In summary psychosocial barriers and health literacy may affect a patients’ willingness to discuss self-care during a medical visit. Therefore, routine assessment of psychosocial factors and health literacy may be necessary to address a patient’s barriers to self-care as well as to promote open and honest self-care communication. Interventions and evidenced-based approaches that address psychosocial factors, health literacy, and physician-patient self-care communication are needed.

Facilitators to Self-Care Communication

Despite numerous barriers to self-care communication, several factors promote self-care communication in the physician-patient relationship. For example, direct and non-accusatory communication from physicians as well as providing patients with hope for living with diabetes both support physician-patient self-care communication [45]. A recent systematic review by Sohal and colleagues [79] found that trust in physicians, the use of culturally appropriate exercise and dietary advice, and increasing family involvement improved physician-patient communication and diabetes self-care [79]. Lastly, a study by Schillinger and colleagues [80] found that physician assessment of patient recall and comprehension of new concepts during medical visits improved diabetes outcomes [80].

Patient-Physician Self-Care Communication Interventions

One of the more successful interventions for improving diabetes self-care and patient-physician communication is motivational interviewing (MI). MI is a non-judgmental communication style designed to explore a patient’s intrinsic motivation to change health behaviors [81]. Inherent to MI is the belief that motivation for change is malleable and that it can be transformed in the context of the patient-physician relationship [81]. MI is a patient-centered method designed to empower a patient’s ability and responsibility to make health-related decisions, with the physician supporting the patient’s autonomy in the process [82]. Recent meta-analyses and systematic reviews [83–87] showed that MI interventions improve self-care behaviors and glycemic control in the short-term; long-term effects of MI on self-care and glycemia remain inconclusive. More high-quality research is needed to evaluate the MI training content of these interventions in order to determine its long-term effectiveness and replicate outcomes in various healthcare settings [87].

Other studies not included in the meta-analyses and reviews found MI interventions improved self-care behaviors [88–90], glycemic control [90,91], and quality of life [91]. A qualitative study exploring diabetes patients’ experiences with MI and self-care behaviors revealed that patients’ appreciate when providers initiate discussions that result in new ways of thinking about self-care and promote a sense of well-being in patients [92]. New research utilizing patient navigators to connect diabetes patients’ to their primary care providers showed MI techniques improved patient self-efficacy and glycemic control [93]. Another study, an internet-based incentives study, found that the application of a brief MI interviewing session improved blood glucose monitoring in adolescents with type 1 diabetes [94]. Thus, creative strategies that employ MI techniques in collaboration with other members of the health care team (ie, patient navigation [93], telehealth [89], health coaching [95], internet-based tools [94]) hold promise for improving self-care and patient-physician communication. Increased collaboration with members of the health care team (eg, certified diabetes educators, nurses, dietitians, pharmacists, exercise physiologists), community health workers [96,97] and peer mentors [98,99] may help reinforce messages, promote shared decision-making, improve diabetes outcomes, increase patient satisfaction, and reduce medical costs [100].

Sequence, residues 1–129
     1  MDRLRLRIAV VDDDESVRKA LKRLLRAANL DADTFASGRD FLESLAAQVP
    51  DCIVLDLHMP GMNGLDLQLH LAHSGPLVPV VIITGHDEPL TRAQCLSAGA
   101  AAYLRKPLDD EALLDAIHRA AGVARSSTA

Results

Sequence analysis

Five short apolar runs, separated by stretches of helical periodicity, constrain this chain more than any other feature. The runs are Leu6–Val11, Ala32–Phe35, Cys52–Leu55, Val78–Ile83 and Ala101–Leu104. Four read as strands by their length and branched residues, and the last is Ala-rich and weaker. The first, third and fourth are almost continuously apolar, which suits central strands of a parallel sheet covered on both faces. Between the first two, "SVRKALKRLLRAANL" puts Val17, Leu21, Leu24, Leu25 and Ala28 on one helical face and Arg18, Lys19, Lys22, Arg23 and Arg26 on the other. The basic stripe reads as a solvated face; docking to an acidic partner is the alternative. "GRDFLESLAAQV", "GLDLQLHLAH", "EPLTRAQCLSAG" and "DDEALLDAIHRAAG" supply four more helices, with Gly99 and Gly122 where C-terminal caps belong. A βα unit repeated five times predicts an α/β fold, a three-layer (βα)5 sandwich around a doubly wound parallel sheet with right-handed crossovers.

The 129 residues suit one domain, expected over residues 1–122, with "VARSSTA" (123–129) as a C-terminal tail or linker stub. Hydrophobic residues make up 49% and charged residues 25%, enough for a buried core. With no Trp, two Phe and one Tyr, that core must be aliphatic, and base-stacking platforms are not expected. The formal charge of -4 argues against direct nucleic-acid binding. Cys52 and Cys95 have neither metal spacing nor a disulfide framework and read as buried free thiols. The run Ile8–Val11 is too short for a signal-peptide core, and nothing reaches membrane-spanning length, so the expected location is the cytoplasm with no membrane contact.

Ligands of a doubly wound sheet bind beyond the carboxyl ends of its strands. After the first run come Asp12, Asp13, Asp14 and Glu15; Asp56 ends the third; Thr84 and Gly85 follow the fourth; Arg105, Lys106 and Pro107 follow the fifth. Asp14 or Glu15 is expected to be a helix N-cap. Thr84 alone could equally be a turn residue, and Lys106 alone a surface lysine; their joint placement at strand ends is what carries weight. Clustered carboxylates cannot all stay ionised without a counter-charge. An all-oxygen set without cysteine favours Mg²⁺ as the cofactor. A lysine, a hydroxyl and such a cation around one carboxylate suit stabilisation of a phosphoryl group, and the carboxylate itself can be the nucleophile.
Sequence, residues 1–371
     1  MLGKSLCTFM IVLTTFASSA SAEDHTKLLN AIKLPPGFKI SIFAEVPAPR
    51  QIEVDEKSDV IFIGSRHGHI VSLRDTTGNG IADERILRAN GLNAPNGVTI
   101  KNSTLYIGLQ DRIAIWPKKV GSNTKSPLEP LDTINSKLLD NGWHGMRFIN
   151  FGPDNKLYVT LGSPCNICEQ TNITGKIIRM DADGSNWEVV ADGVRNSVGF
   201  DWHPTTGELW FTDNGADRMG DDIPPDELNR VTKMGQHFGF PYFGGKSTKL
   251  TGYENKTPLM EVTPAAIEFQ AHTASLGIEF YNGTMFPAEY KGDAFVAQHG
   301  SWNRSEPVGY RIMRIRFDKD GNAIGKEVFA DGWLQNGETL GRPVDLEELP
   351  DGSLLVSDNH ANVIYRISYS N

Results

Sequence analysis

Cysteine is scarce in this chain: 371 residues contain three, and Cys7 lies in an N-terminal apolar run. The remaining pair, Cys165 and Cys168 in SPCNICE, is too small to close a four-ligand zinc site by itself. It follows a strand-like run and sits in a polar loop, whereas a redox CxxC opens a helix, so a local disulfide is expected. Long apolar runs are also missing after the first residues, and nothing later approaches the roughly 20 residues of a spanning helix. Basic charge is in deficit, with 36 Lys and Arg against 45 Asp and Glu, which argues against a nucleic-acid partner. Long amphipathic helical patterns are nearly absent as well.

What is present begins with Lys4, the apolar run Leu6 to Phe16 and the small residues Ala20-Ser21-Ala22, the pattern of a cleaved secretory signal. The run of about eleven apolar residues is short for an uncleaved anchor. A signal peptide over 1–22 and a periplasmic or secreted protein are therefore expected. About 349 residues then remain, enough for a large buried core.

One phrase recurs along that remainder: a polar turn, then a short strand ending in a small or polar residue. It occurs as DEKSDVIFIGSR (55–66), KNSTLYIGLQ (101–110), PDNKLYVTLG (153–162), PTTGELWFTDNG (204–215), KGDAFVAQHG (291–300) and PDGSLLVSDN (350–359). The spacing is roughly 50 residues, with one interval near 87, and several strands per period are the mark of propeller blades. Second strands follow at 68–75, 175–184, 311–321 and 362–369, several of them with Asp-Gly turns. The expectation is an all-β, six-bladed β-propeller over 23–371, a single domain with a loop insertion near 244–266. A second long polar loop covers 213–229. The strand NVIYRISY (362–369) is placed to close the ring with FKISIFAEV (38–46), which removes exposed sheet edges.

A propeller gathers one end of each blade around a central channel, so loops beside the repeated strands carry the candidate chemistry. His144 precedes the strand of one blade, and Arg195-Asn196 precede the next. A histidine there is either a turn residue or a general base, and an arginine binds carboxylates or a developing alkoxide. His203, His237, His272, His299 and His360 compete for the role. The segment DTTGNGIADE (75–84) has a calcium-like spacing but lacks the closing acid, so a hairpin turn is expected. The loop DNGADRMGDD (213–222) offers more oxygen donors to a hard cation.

Few other interventions have directly addressed physician-patient diabetes self-care communication. One older study examined the effectiveness of an intervention designed to increase of diabetes patients’ involvement in medical decision-making [16]. Patients randomized to the intervention arm participated in a 20-minute session prior to meeting with their physician, in which researchers reviewed their medical chart and used systematic prompts to encourage patients to negotiate medical decisions with their physician. Patients in the control arm received standard educational materials in a session of equal length. Patients in the intervention arm improved glycemia and elicited twice the amount of medical information from their physician compared to controls [16]. These findings suggest that brief interventions prior to medical appointments can improve patient communication, self-care behavior, and in turn, diabetes outcomes [16].

A recent study evaluated the effectiveness of a training program in communication skills for pediatric diabetes care providers in the UK [101, 102]. In this cluster randomized controlled trial, pediatric providers allocated to the Talking Diabetes intervention participated in web-based material and face-to-face seminars designed to prepare providers for constructive self-care conversations with patients as well as skills for promoting behavior change. The psychoeducational training emphasized shared decision-making and utilized motivational interviewing techniques [101]. Twenty-six centers and 693 young people with type 1 diabetes participated in the study [102]. At 12-month follow-up, the Talking Diabetes intervention did not demonstrate improvements in glycemic control. Further, the intervention had a negative effect on patients’ quality of life but a short-term improvement in coping [102]. Interestingly, parents of patients in the intervention arm reported greater continuity of care, which suggests that parents benefited more from the intervention than their children. Future communication interventions targeting the pediatric population should provide ongoing support to children of physicians exposed to interventions such as Talking Diabetes [102].